Apollo Neuro Launches Wearable Designed to Keep You Asleep

Apollo Neuro

The next generation of fitness trackers may autonomously address your stress before you realize it.

What’s new: Apollo Neuro, makers of a wearable that promotes stress resilience with low-frequency sound waves, launched a new sleep-improving feature called Stay Asleep.

Available through its debut membership platform Apollo Labs, the AI-enabled function automatically detects waking and delivers a series of soothing vibrations to keep the wearer asleep.

Tested in partnership with Oura, wearers reported 30 minutes more sleep each night, including more deep sleep and REM sleep.

Framing its effect on mental health, Dr. David Rabin, co-founder of Apollo Neuro, spoke to the technology’s ability to emulate and amplify the natural processes of the human brain:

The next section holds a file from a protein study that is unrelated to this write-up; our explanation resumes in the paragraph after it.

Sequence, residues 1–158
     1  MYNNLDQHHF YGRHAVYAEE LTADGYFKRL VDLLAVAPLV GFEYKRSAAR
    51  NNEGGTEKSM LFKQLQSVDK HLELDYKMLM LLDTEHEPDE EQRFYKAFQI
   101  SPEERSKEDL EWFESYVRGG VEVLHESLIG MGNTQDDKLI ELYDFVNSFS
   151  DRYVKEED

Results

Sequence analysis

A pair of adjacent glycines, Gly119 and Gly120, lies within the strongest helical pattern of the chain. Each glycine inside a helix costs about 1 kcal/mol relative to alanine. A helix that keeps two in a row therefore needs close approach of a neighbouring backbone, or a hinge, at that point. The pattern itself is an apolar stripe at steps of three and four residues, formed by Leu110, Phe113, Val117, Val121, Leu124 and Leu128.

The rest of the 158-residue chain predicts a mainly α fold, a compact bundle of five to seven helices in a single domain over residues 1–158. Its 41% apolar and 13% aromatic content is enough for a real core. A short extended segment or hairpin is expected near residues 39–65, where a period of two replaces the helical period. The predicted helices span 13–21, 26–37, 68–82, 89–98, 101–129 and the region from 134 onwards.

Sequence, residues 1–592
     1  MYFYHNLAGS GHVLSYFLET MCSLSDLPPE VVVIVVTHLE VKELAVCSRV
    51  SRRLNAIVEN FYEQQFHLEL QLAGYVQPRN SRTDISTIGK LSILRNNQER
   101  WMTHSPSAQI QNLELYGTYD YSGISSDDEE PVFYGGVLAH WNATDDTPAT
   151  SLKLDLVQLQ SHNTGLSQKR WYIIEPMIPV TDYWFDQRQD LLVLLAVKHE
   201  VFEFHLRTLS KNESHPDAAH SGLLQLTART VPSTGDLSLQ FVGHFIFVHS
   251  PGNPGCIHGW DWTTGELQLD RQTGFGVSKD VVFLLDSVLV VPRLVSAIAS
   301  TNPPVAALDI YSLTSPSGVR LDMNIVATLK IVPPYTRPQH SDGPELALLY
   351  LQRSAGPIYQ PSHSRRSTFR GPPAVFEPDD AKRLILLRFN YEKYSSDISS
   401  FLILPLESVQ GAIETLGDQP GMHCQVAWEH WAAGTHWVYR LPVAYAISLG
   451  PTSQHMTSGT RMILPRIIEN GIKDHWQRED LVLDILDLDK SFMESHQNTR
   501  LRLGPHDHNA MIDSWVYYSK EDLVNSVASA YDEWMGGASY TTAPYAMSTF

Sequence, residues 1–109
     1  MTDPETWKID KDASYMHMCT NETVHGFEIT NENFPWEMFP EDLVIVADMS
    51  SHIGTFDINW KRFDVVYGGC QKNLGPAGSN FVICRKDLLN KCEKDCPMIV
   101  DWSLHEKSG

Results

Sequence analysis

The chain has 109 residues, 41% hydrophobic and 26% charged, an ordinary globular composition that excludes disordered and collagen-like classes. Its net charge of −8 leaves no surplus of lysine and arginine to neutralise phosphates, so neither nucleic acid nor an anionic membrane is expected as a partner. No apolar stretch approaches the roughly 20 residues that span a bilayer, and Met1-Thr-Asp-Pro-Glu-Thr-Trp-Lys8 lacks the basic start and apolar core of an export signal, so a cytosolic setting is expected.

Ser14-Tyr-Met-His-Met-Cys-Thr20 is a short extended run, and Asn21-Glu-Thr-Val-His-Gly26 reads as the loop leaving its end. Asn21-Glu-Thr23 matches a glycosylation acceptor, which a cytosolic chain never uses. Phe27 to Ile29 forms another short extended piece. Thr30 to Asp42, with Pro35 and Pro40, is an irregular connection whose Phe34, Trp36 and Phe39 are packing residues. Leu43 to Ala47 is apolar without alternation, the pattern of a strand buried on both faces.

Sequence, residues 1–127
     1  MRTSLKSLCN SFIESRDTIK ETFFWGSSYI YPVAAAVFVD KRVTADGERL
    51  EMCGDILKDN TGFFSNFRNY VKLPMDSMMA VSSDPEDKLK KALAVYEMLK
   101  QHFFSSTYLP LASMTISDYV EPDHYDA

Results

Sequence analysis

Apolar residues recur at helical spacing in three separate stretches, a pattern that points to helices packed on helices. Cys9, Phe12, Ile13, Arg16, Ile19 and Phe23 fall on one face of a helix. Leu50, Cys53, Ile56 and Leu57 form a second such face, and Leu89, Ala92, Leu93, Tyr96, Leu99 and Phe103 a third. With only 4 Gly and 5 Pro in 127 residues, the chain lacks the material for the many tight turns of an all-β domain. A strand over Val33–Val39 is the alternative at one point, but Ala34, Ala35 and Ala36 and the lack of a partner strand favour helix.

“Apollo Labs represents one of the first technologies that works for us by reminding us that we are in control of how we feel at any moment, even when we’re sleeping — one of the core teachings of mindfulness and meditation.”

Between the lines: As Oura, Apple, and others attempt to quantify shut-eye, Apollo is complementing those efforts, integrating data from other wearables to better personalize its platform’s response.

But, like Apollo, other companies are going beyond sleep tracking.

  • Billed as the first “sleep fitness” company, Eight Sleep integrates reactive sensors into its smart mattress to improve sleep performance.
  • Therabody launched a stress-relieving sleep mask called SmartGoggles, released in tandem with an acoustic therapy lounge chair called TheraSound.
  • Somnox’s Sleep Robot and Yukai Engineering’s Fufuly smart pillow simulate the pulsing effect of a sleeping infant to relieve symptoms of stress and insomnia.

Takeaway: Between NOWATCH’s “awareable,” Happy Ring’s smart mood detector, and WHOOP’s work to quantify breathwork, stress and sleep will soon be understood down to the millisecond. But, no device will be able to combat the fast-paced, screen-filled lifestyle that often prevents people from getting into bed in the first place.

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